Sergio Sollima's first venture into the Spaghetti West is a well crafted departure from the traditional man with no name vehicles. Sollima swaps the steely eyed antihero type for a raggedy, petty thief named Cuchillo played by Tomas Milian, who utilized knives rather than guns. Morricone would take the reigns of the films music score, and craft the traditional Spaghetti Western sound with classical elements, combining bird calls with pounding drums, and spanish guitars with Beethoven. Also in the score is a vocal piece performed by the wonderful Christy.
Leone's second outing in his Dollars Trilogy, which brought back Clint Eastwood and Gian Maria Volonte, and introduced actor Lee Van Cleef to the genre, is a fan favorite, and allowed Morricone to experiment more with the genre's music. The films score preludes the musical motif idea for it's characters used in The Good The Bad and The Ugly, but here provides different musical instruments including a Mouth harp, which is heard throughout the films main theme, an acoustic guitar and a carillion. The latter two weave their way into the films climactic gundown, building up to an intense pipe organ solo and beautiful trumpet piece.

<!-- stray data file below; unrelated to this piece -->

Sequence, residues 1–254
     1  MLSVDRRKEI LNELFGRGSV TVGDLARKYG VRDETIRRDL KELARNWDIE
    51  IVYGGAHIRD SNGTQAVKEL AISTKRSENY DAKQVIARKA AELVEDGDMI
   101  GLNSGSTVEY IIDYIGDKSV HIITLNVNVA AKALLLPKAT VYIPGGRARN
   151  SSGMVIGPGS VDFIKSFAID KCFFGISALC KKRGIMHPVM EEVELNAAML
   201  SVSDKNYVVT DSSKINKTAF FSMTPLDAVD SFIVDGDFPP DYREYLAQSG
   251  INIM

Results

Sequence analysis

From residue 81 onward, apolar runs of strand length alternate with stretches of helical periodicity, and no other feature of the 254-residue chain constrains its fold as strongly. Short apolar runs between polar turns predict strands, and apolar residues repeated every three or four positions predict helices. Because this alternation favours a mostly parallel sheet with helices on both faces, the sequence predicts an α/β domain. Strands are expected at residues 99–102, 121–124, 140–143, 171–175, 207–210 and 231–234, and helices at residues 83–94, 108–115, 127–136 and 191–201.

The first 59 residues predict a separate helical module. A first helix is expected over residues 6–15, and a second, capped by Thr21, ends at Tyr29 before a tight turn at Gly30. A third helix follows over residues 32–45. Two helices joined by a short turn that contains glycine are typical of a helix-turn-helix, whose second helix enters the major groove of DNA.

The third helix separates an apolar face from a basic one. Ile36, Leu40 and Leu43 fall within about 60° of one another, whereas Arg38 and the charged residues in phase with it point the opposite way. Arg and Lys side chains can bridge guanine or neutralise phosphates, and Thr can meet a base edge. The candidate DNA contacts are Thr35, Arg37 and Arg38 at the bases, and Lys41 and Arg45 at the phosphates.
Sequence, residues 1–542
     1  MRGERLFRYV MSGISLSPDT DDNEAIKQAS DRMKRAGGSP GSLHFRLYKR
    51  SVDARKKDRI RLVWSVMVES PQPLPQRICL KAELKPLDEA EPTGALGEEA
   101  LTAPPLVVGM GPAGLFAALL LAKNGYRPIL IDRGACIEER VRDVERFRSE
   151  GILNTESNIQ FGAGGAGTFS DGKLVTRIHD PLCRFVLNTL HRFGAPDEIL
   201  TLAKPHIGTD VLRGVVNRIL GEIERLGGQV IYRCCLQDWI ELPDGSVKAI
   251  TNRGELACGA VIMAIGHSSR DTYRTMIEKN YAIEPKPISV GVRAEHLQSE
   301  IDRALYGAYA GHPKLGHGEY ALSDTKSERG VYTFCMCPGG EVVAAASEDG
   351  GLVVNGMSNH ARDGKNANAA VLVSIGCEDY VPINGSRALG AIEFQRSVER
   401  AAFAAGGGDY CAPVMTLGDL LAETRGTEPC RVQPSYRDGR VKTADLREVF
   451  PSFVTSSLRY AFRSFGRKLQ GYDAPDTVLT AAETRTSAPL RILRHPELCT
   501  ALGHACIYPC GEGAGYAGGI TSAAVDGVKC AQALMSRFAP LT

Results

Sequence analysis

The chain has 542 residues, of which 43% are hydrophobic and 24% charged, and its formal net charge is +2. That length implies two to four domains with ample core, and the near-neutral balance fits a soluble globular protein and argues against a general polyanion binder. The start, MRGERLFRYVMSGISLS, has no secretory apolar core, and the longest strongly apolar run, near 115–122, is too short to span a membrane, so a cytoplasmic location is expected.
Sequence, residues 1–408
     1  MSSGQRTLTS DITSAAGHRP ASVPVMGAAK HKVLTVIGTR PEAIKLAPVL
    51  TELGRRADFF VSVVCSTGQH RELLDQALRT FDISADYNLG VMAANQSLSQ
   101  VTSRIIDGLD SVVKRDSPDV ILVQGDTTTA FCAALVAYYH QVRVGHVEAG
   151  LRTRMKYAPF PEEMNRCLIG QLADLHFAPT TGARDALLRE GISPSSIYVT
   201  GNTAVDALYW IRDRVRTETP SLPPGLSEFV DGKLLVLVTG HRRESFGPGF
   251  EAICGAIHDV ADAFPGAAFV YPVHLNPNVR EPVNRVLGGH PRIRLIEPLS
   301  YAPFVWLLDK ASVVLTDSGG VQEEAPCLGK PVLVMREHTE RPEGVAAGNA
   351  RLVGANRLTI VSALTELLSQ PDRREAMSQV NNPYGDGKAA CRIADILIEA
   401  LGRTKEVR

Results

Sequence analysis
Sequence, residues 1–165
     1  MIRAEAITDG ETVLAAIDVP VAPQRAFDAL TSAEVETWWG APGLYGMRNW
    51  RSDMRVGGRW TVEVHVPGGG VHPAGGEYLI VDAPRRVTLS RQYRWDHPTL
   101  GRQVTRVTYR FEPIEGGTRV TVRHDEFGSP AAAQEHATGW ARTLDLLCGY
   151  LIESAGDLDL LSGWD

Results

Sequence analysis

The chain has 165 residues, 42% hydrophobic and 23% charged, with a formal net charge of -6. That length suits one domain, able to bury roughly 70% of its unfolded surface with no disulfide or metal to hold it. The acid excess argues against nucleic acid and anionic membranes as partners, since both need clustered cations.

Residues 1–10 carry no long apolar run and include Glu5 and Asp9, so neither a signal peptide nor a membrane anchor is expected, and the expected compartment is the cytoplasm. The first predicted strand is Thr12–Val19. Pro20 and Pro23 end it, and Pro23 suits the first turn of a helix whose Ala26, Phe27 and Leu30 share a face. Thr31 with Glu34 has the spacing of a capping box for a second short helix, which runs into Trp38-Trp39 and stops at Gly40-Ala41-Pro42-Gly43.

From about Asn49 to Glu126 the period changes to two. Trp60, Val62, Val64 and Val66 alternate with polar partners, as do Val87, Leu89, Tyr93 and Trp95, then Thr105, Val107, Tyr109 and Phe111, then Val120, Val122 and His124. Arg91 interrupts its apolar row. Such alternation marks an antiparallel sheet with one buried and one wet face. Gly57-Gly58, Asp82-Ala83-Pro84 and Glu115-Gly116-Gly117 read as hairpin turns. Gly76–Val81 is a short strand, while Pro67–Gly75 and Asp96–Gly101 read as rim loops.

Remembered for it's desolate snowy landscapes and it's genre defying ending, Sergio Corbucci's The Great Silence is a unique entry in the genre, and it's musical score is just as unique. The traditional chants and electric guitars of the genre are traded for an Eastern Asian sound, making some moments in the score resemble a Buddhist monastery. Haunting choirs, soft chimes and quiet woodwind instruments also help emulate the icy faux Utah locations.
The film that brought the Spaghetti Western genre to the attention of the world, and introduced both Leone's Man With No Name character, and the trademarks of the genre's music. Alessondro Alessandroni's famous whistling and Michele Lacerenza's trumpet both highlight the films themes, while the I Cantori Moderni accentuates them to create one of Morricone's first western scores.